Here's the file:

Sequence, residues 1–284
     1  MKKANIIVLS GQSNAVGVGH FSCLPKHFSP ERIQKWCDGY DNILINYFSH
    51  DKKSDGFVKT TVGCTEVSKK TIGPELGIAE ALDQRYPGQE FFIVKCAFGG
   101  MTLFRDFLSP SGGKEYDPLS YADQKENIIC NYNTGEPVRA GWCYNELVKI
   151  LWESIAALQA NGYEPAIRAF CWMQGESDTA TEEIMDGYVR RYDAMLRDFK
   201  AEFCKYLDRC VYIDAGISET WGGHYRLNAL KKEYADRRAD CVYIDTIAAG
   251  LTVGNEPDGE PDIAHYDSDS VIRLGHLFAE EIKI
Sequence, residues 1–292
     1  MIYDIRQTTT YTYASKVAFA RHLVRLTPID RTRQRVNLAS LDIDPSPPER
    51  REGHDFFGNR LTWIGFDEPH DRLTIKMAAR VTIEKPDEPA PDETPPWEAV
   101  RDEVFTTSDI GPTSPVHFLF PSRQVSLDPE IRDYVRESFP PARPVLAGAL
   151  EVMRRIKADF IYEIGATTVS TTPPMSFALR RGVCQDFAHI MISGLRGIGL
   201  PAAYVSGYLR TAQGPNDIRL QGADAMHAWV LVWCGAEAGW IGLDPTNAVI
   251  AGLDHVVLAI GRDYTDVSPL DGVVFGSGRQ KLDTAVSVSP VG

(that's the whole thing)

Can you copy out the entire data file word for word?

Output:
Sequence, residues 1–284
     1  MKKANIIVLS GQSNAVGVGH FSCLPKHFSP ERIQKWCDGY DNILINYFSH
    51  DKKSDGFVKT TVGCTEVSKK TIGPELGIAE ALDQRYPGQE FFIVKCAFGG
   101  MTLFRDFLSP SGGKEYDPLS YADQKENIIC NYNTGEPVRA GWCYNELVKI
   151  LWESIAALQA NGYEPAIRAF CWMQGESDTA TEEIMDGYVR RYDAMLRDFK
   201  AEFCKYLDRC VYIDAGISET WGGHYRLNAL KKEYADRRAD CVYIDTIAAG
   251  LTVGNEPDGE PDIAHYDSDS VIRLGHLFAE EIKI
Sequence, residues 1–292
     1  MIYDIRQTTT YTYASKVAFA RHLVRLTPID RTRQRVNLAS LDIDPSPPER
    51  REGHDFFGNR LTWIGFDEPH DRLTIKMAAR VTIEKPDEPA PDETPPWEAV
   101  RDEVFTTSDI GPTSPVHFLF PSRQVSLDPE IRDYVRESFP PARPVLAGAL
   151  EVMRRIKADF IYEIGATTVS TTPPMSFALR RGVCQDFAHI MISGLRGIGL
   201  PAAYVSGYLR TAQGPNDIRL QGADAMHAWV LVWCGAEAGW IGLDPTNAVI
   251  AGLDHVVLAI GRDYTDVSPL DGVVFGSGRQ KLDTAVSVSP VG